Last year, we ordered a printer from Amazon. The printer's box was about half the size of the carton it was shipped in, and there was nothing to prevent if from flying around the shipping carton but a single clump of packing paper. That printer turned out to be dead-on-arrival. Gee...I wonder why?

Amazon is particularly strange. For some reason, Amazon will pack a book like it's made of glass, but throw an Xbox 360 loose in a box with a token piece of packing paper.

Back in the day, us geeks would at least have the recourse of a local computer store, even if it was nothing more than a CompUSA. But today, all that's left to us locally is Best Buy, and I refuse to grace them with the term "computer store". I don't know about you, but I hate going to Best Buy as much as I hate going shoe shopping or getting a hair cut (and that's a lot of hate).

Although both Newegg and Amazon have occasionally been cool with returns and refunds, many online retailers have a restocking fee. So if you buy something, find out it's gotten crushed or banged up in shipping, to return it you either have to fight with some customer service droid or eat a restocking fee.

I'm mad as heck and I don't think we should take it anymore!

It's time for online retailers to clean up their act and return to those days of yore when bubble wrap and packing peanuts were routinely used to protect and cradle our sacred stuff.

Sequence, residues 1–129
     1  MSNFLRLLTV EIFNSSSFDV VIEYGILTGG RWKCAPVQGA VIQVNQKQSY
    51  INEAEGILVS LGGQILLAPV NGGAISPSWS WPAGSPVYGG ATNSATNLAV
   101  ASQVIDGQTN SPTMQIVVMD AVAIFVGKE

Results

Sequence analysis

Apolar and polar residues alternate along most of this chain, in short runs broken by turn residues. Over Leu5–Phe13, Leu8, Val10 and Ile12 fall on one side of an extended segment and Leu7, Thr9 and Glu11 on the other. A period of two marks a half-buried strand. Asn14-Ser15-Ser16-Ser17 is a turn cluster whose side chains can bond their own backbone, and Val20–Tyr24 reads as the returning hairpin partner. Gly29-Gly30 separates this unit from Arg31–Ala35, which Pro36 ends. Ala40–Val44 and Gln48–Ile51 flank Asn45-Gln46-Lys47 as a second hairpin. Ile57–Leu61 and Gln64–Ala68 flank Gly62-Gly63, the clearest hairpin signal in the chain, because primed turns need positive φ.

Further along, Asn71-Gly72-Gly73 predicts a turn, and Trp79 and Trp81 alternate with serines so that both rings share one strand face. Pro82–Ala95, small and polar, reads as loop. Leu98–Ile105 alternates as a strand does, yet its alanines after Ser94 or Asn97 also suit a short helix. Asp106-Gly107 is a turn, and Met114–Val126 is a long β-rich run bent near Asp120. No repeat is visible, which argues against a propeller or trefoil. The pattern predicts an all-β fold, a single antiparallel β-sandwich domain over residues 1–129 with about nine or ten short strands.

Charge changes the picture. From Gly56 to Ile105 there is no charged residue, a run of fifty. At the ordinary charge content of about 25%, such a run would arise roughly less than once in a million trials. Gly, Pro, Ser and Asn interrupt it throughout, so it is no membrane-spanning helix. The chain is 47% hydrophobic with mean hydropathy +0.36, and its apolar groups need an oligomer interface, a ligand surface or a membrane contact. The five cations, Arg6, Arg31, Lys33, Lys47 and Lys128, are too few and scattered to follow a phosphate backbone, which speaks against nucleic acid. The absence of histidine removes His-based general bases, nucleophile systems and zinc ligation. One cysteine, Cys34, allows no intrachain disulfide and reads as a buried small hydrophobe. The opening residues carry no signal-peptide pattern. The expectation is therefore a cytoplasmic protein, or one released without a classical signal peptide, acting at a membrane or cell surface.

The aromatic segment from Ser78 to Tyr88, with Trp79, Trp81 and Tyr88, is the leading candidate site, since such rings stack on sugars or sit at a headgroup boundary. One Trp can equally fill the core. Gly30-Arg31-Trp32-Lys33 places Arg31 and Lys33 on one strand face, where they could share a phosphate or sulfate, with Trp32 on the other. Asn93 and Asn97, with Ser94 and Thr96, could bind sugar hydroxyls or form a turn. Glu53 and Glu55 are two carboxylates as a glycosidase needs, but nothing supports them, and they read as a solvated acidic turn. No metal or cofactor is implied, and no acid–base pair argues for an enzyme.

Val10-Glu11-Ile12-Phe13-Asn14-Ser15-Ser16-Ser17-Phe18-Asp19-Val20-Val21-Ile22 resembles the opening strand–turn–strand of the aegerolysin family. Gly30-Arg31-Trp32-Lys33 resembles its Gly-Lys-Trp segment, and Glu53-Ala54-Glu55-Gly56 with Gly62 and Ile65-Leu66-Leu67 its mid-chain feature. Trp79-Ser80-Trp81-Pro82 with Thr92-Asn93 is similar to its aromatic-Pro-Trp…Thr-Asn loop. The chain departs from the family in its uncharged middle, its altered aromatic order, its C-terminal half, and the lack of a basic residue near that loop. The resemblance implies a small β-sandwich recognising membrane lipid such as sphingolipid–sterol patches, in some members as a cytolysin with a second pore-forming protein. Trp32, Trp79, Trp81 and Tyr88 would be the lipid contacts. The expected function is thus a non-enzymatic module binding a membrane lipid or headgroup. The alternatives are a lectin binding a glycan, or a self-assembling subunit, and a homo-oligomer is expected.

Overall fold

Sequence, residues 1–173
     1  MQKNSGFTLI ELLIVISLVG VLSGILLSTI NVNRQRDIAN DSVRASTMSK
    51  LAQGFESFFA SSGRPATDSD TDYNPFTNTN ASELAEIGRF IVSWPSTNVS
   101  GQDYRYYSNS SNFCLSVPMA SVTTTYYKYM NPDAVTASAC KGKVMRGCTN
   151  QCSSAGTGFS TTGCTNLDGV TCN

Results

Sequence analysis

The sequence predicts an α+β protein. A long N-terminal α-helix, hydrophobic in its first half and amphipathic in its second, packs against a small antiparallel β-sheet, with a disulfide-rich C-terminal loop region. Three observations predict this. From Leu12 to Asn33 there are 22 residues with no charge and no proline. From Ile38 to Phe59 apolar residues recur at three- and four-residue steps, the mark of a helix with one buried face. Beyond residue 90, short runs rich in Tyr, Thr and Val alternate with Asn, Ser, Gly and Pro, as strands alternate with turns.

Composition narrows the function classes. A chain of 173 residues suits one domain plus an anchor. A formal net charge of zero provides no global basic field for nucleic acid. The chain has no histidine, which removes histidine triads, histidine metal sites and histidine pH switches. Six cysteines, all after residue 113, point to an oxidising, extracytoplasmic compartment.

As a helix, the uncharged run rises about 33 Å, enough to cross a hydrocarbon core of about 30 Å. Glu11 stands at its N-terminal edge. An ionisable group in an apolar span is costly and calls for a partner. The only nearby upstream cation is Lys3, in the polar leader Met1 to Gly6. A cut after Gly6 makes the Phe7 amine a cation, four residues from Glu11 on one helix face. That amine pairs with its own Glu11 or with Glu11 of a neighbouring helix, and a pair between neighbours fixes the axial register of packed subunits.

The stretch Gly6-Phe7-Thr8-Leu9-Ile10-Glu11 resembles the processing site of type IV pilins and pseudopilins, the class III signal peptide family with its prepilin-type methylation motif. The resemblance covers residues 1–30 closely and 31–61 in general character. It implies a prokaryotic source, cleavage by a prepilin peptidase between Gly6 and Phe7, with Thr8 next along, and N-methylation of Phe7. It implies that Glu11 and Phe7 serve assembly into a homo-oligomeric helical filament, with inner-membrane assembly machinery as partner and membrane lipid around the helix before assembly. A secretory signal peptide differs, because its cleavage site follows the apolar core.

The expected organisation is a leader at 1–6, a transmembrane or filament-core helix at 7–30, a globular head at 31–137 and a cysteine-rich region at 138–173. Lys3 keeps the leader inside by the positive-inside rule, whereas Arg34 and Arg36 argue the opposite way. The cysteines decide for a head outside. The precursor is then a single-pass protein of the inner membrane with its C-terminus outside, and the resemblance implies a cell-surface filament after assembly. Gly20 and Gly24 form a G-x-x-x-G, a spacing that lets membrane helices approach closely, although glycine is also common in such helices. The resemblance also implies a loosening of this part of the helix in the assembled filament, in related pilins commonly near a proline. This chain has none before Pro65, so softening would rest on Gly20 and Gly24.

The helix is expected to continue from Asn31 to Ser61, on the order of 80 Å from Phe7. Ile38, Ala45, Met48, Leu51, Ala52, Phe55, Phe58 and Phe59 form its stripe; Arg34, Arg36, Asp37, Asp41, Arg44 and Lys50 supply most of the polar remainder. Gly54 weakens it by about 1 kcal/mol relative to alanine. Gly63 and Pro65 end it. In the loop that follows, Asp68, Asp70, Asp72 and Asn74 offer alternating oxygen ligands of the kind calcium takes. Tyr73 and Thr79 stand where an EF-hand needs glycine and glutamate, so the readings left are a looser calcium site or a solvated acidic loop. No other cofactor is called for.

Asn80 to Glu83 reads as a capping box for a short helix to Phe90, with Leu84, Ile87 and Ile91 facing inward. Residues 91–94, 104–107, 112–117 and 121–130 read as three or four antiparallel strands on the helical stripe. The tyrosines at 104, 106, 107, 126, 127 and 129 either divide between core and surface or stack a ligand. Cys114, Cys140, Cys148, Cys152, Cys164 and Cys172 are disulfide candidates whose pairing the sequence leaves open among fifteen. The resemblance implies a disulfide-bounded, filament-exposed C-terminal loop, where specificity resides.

I call upon all of you: geeks, nerds, techies, IT folk. I call upon the people you love and those who love you. I call upon you to stand up and fight back.

No? Don't like the standing up thing? Okay, fine. Sit back down on your couch. You can do this sitting down as well.

I call on you to recline back and fight! Complain to your favorite retailers. Bitch them out on their comment boards -- oh, don't even begin to tell me you don't know how to do that!

Tell them you're not willing to take crappy packaging that puts our purchases at risk, raises all our stress levels, and gives us yet more reasons to have to fix our parents, brothers, sisters, in-laws, cousins, and creepy friends of your moms' computers.

It's time for online retailers to stop packing boxes with a few measly strips of paper.

To misquote the great Jean-Luc Picard, "NO! NOOOOOOO!!!"

"I will not sacrifice our consumer electronics. We've made too many compromises already, too many retreats. They eliminate the bubble wrap, and we fall back. They pack with paper, and we fall back. Not again. The line must be drawn here! This far and no further! And we will make them pay for what they've done!"

Attention, my fellow geeks. You have your orders. Now fight. Fight back hard. This battle can be won. This battle must be won.

Don't TalkBack here. Instead, log your chubby little fingers into Amazon and Newegg -- and all those other online retailers (you know who they are) -- and tell them to pack nice or pack it up.

Update: fixed a math error. Sigh. Always with the math errors.

Editorial standards